Monday, September 9, 2013

Missing with Autism: Charles Foster (Dearborn, Mich)



Dearborn Police search for missing teen who has Autism, bi-polar disorder & suffers from mood swings

DEARBORN, Mich. (WXYZ) - Dearborn Police are asking for the public's help to find a teenager who has been missing since Saturday night. 
Officers say 16-year-old Charles Foster was last seen by his parents as he was walking out of the family's home in the 4600 block of Schlaff. The incident happened at around 10:45 pm.
 Police say Charles' parents were unable to catch him as he ran northbound. 
Charles is 5'2" tall and weighs about 110 pounds. He appears much younger than his actual age. Charles has short hair and wears small frame glasses. 
He suffers from Autism, bi-polar disorder and mood swings. However, his family does not believe that he is a danger to himself or others. 
Charles was last seen wearing a beige collared short sleeve shirt with horizontal stripes, dark shoes and his glasses. 
Police say he has run away in the past and will frequent restaurants, gas stations or will beg for food.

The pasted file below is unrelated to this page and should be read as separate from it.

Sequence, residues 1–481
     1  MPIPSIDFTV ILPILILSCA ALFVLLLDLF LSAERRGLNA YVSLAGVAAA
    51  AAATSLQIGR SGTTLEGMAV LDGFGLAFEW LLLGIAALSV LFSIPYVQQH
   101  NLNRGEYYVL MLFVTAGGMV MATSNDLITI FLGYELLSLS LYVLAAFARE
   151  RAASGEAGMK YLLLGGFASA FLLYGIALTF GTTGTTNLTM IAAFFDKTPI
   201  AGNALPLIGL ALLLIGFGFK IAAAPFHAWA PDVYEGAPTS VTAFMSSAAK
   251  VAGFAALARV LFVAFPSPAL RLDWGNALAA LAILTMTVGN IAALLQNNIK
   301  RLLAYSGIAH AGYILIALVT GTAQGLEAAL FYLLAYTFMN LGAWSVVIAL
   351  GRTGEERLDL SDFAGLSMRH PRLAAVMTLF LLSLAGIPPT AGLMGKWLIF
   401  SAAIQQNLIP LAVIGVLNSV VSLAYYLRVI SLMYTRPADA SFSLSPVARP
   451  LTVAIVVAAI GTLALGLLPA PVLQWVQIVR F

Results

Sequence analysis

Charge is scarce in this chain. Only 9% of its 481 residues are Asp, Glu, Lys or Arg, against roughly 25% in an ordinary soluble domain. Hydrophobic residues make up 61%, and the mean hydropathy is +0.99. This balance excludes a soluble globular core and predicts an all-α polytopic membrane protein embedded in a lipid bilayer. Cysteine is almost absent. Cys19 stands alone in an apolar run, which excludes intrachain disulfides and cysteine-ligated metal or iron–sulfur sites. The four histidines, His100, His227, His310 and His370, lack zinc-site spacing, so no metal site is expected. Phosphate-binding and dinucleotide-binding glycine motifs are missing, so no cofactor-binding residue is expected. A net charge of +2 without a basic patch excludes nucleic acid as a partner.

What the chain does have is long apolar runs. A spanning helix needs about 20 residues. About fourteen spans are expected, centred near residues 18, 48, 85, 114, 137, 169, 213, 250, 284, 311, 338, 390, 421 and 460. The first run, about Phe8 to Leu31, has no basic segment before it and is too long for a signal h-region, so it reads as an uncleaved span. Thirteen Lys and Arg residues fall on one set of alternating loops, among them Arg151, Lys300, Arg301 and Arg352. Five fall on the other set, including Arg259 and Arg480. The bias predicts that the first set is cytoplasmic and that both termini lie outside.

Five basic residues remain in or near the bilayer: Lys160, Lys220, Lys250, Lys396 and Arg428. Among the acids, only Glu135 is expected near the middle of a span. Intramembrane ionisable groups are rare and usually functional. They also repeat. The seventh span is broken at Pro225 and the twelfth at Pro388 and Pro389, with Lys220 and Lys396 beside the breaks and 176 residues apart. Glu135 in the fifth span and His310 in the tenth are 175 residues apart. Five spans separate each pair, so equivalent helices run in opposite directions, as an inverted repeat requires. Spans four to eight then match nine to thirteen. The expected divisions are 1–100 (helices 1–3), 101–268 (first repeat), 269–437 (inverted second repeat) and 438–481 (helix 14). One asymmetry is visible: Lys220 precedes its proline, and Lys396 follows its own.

Anyone who has come into contact with Charles is asked to call 911 or Dearborn Police at (313) 943-2241.

Read more: http://www.wxyz.com//dpp/news/region/wayne_county/dearborn-police-search-for-missing-teen-who-has-autism-bi-polar-disorder--suffers-from-mood-swings#ixzz2eQfwfQd4




Friday, September 6, 2013

60 children with autism in the dead past four years from wandering


The 3-year-old girl wandered away from her grandmother’s home in Wareham, Mass., in mid-April. A frantic search began almost immediately, and within an hour little Alyvia Navarro was found unresponsive in a nearby pond. She was pronounced dead the next day. 
A month later, across the continent, a larger search unfolded over three days as hundreds of emergency service personnel and volunteers fanned out around Clearlake, Calif., looking for 9-year-old Mikaela Lynch after she vanished from her backyard. The outcome grimly echoed the Wareham search: A dive team found Mikaela’s body in a muddy creek.